2006/2/11, Minkoo Seo <minkoo.seo / gmail.com>:
> What I want to do with OpenStruct is to store bigram in hash table.
> (bigram can be thought as two consecutive strings)
>
> So, I have two choices. First one is to define new class. The other
> option is to use OpenStruct. However, OpenStruct can't be used
> as key of hash, so I made my own class.
>
> At first, I thought that OpenStruct might be implemented by
> adding methods and instance variables on the fly. But, it's
> hashtable. Also, it doesn't have automatic hash, eql? method
> generation.
>
> I understand that computing good hash value is beyond
> the scope of langauge design, but I'm talking about library.
> OpenStruct might use one of the field for computing hash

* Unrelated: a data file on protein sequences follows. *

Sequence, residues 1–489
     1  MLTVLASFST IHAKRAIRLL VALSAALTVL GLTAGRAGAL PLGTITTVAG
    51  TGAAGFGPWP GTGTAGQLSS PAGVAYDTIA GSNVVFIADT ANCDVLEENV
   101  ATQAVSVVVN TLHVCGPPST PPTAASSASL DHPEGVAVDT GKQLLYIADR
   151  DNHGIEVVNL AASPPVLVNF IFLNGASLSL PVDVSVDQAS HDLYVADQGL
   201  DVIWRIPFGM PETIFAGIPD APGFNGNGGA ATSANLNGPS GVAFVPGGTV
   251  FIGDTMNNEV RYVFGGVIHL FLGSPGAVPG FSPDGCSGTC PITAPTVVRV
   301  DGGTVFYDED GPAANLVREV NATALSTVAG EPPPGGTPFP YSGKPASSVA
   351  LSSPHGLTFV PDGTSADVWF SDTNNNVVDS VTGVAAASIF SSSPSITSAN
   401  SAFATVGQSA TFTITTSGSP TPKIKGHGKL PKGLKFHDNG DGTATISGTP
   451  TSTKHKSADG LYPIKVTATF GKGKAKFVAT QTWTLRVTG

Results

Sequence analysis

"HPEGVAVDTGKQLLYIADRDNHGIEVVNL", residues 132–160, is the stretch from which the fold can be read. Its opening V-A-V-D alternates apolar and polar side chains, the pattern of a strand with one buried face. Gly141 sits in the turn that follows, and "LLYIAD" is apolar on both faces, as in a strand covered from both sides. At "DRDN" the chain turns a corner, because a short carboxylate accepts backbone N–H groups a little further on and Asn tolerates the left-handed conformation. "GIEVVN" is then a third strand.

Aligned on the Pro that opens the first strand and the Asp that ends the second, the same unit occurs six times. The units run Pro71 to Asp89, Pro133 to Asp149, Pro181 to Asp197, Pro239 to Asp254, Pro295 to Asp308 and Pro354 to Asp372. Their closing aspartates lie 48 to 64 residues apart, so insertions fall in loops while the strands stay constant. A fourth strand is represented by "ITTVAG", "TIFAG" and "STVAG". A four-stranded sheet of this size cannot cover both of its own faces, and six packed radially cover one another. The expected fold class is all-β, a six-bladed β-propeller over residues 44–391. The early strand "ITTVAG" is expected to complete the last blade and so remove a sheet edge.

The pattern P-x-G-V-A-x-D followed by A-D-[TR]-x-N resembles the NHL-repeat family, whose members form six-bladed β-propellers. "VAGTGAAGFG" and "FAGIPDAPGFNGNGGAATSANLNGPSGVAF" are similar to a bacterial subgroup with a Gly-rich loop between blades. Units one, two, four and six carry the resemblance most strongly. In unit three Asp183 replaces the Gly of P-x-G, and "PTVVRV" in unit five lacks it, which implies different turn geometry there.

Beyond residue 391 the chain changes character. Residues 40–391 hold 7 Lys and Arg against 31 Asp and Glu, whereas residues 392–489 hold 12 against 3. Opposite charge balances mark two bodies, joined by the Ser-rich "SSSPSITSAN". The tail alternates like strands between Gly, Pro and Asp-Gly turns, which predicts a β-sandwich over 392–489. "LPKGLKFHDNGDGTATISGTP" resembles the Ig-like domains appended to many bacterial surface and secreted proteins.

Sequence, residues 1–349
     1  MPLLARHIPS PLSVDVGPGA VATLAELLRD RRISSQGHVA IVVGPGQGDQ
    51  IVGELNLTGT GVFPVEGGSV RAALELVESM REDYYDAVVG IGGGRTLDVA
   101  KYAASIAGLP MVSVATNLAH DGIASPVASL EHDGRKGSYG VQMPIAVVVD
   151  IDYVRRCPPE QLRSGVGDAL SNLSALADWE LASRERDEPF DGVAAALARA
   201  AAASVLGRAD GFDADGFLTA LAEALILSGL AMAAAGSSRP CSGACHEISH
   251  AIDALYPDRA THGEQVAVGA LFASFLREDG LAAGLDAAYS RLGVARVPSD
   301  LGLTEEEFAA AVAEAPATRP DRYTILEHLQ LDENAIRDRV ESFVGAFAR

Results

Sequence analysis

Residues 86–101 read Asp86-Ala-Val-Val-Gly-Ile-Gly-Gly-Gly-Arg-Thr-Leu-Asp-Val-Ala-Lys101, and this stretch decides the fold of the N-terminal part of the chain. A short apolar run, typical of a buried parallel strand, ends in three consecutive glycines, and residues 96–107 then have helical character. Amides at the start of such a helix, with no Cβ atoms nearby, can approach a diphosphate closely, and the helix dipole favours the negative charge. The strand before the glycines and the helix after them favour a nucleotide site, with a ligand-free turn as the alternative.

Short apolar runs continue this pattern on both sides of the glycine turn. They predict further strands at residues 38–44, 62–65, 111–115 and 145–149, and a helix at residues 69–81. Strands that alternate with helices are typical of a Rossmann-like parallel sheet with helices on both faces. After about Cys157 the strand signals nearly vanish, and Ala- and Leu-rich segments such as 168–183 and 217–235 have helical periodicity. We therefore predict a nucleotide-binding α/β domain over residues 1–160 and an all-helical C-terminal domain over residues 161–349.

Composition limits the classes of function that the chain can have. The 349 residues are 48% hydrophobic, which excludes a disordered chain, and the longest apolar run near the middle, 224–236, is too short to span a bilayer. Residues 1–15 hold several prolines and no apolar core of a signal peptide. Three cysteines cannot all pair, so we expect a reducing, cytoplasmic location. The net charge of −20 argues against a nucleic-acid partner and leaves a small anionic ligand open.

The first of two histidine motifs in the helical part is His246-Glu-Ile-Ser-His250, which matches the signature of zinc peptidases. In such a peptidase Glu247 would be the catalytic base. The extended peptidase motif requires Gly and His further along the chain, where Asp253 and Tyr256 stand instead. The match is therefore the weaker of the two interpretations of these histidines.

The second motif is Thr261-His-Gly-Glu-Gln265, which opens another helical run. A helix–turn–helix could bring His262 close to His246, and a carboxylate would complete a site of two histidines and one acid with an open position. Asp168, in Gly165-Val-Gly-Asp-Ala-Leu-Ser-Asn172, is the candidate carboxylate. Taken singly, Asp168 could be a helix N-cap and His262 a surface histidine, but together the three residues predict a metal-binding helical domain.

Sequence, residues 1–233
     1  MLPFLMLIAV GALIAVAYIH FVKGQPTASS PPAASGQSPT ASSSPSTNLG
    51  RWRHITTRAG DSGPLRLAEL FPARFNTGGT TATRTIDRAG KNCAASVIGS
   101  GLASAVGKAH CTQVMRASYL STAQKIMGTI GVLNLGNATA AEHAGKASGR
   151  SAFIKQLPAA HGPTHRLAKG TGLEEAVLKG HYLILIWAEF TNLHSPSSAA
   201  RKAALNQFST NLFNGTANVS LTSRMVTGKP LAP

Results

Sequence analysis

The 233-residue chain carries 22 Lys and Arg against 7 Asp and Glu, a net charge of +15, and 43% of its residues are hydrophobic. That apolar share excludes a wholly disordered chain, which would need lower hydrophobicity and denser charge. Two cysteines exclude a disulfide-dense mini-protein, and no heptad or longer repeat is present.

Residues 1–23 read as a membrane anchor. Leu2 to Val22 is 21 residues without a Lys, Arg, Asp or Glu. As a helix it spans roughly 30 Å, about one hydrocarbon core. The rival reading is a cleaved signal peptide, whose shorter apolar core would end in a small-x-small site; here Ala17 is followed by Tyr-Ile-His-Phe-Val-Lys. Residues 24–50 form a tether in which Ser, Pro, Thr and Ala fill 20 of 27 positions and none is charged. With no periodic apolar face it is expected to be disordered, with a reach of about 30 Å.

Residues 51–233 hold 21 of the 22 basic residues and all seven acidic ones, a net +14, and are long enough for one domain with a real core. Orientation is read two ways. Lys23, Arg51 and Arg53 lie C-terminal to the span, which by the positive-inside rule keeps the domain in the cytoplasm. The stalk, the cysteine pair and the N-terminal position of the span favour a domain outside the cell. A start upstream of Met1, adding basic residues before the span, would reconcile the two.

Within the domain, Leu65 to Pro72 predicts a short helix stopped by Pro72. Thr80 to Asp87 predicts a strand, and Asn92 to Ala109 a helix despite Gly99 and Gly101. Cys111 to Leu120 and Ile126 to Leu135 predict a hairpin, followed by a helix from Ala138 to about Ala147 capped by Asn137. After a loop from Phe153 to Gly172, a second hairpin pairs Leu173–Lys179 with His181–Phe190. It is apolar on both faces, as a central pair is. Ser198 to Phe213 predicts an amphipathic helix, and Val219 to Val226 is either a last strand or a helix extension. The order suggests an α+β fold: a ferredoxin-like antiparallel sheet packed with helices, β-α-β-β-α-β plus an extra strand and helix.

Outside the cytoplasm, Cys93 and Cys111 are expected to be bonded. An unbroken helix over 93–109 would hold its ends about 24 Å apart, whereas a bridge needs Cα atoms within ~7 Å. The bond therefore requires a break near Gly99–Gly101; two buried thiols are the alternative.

> key, stating in the docuement that "default implementation
> is not efficient enough. If you want, override hash."
>
> If such a implementaion is available, people like me, who is
> developing a prototype sysmte, will gladly use the default.
>
> That being said, what's the benefit of OpenStruct? If OpenStruct
> is nothing but a hashtable with syntactic sugar, I see reason
> of using it. Am I missing something?

Probably not. That being said, an OpenStruct does not fit well as a
hash key because a hash key should be immutable (containers like Array
and Hash typically calculate their hash based on elements and so the
hash code will change once the container changes).

In Your case the best solution is to use a Struct.

Bigram = Struct.new :s1, :s2

You get #hash and #eql? for free and it's a one liner.  This seems to
be much more appropriate than using an OpenStruct as the number of
fields is fixed, isn't it? An OpenStruct really only makes sense when
the number of fields changes frequently or if you do not not all the
fields beforehand and find Hash a bit too clumnsy. It's often used for
configuration data (like in the sample code of OptionParser).

Kind regards

robert

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